Galip Dalay, CATS fellow at SWP and non-resident fellow at Brookings Doha, expects a partial normalization of relations between Ankara and Riyadh.

“There is no meaningful conflict of interest between the parties and they are likely to take steps to partially de-escalate the tensions in the medium term,” he told Arab News.

“During the Arab Spring, Turkey and the Kingdom had ideological divergences as they took opposing sides. But they did not have any significant conflict in geopolitical terms. Turkey even supported to a certain extent Saudi Arabia’s policy choices in Yemen. However, with the Qatar crisis and Khashoggi case, the tensions escalated,” Dalay said.

Dalay anticipates rising tension between Turkey and Iran as they clash on geopolitical interests.

“Therefore Turkey wants to mend ties with the Arab camp to consolidate its position and adjust to the new reality in the region,” he said.


Saudi Arabia records 13 COVID-19 deaths, 986 new cases

Saudi Arabia records 13 COVID-19 deaths, 986 new cases
Updated 10 May 2021

Saudi Arabia records 13 COVID-19 deaths, 986 new cases

Saudi Arabia records 13 COVID-19 deaths, 986 new cases
  • The Kingdom said 1,076 patients recovered in past 24 hours
  • 14 mosques temporarily closed after 14 people tested positive for coronavirus

RIYADH: Saudi Arabia recorded 13 new COVID-19 related deaths on Monday, raising the total number of fatalities to 7,085.
The Ministry of Health confirmed 986 new confirmed cases reported in the Kingdom in the previous 24 hours, meaning 427,370 people have now contracted the disease.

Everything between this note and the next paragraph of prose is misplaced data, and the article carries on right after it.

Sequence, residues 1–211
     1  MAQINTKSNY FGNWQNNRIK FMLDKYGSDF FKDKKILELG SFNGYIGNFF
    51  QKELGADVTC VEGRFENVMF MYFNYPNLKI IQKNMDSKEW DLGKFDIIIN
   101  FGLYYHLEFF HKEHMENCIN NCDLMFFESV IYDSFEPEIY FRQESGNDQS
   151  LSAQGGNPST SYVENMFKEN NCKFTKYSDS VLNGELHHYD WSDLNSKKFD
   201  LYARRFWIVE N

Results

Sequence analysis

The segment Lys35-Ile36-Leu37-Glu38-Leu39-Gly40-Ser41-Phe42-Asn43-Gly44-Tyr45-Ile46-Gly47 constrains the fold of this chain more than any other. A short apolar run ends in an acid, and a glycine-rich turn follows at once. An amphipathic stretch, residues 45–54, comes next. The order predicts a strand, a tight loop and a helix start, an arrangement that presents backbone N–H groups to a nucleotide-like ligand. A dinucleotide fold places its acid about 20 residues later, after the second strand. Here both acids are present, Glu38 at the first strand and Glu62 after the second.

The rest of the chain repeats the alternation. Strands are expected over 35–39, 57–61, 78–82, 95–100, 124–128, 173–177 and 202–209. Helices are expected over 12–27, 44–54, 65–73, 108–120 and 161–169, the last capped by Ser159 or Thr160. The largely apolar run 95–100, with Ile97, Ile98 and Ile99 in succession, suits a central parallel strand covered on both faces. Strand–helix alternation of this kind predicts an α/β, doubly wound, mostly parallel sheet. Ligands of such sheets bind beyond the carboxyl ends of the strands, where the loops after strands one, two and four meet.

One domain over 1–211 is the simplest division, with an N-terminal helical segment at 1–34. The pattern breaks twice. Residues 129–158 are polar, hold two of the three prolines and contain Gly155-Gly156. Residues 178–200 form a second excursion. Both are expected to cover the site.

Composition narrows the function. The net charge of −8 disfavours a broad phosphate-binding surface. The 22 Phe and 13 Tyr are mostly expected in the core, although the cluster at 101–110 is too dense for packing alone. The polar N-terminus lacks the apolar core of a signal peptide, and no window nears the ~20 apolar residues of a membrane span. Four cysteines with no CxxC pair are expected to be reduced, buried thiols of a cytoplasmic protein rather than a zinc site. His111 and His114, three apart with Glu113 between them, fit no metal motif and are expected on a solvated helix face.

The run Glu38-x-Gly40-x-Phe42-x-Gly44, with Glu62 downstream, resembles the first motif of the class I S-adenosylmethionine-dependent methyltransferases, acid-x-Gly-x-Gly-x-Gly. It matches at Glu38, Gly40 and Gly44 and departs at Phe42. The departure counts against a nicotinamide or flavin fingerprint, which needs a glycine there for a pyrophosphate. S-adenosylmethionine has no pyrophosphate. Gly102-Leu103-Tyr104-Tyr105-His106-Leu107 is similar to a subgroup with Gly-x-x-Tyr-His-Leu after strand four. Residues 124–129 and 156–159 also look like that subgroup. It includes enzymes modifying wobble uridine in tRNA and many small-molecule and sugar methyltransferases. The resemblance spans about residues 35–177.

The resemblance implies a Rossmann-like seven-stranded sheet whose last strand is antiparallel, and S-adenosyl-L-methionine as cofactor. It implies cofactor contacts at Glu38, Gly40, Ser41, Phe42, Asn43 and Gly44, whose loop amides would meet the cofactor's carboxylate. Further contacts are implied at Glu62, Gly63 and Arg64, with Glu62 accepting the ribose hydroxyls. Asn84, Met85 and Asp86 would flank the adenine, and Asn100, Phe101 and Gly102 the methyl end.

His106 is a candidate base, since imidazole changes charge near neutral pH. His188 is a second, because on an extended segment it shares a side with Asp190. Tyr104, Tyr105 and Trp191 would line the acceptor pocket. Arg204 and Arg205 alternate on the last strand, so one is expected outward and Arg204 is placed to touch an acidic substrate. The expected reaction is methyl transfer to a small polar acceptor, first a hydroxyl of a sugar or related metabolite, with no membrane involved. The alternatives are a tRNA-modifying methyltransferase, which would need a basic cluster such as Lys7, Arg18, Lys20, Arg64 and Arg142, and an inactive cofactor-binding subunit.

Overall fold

Of the total number of cases, 9,469 remain active and 1,341 in critical condition.
According to the ministry, the highest number of cases were recorded in the capital Riyadh with 339, followed by Makkah with 283, the Eastern Province with 131, Asir recorded 52 and Madinah confirmed 50 cases.

The health ministry also announced that 1,076 patients had recovered from COVID-19, bringing the total number of recoveries in the Kingdom to 410,816.
The ministry renewed its call on the public to register to receive the vaccine, and adhere to the measures and abide by instructions.
Meanwhile, the Ministry of Islamic Affairs temporary closed 14 mosques in seven regions after 14 people tested positive for coronavirus, bringing the total number of mosques closed to 1,121 within 93 days, 1,098 of which have reopened after being sterilized.
The coronavirus pandemic has affected over 159 million people globally and the death toll has reached around 3.31 million.

 


Saudi Arabia introduces 7-day quarantine for unvaccinated visitors

Saudi Arabia introduces 7-day quarantine for unvaccinated visitors
Updated 18 min 8 sec ago

Saudi Arabia introduces 7-day quarantine for unvaccinated visitors

Saudi Arabia introduces 7-day quarantine for unvaccinated visitors

RIYADH: All non-citizens arriving in Saudi Arabia who have not been vaccinated against COVID-19 must quarantine for a minimum of seven days, the interior ministry said on Monday.
The measures will come into force on May 20. People from a list of countries currently banned from traveling to the Kingdom will still not be allowed to visit.
Unvaccinated visitors to the Kingdom will also have to present a valid health insurance document approved by Saudi authorities to cover the risks of the coronavirus.
Some groups will be exempt from the quarantine upon arrival in the country, provided they apply precautionary measures approved by the Ministry of Health. They include:

  • Citizens, their spouses and children, along with domestic workers accompanying them
  • Unvaccinated domestic workers accompanying a vaccinated resident
  • Immunized travelers
  • Official delegations
  • Individuals carrying a diplomatic visa, diplomats and their families residing with them
  • Airline, sea crews, and truck drivers and their assistants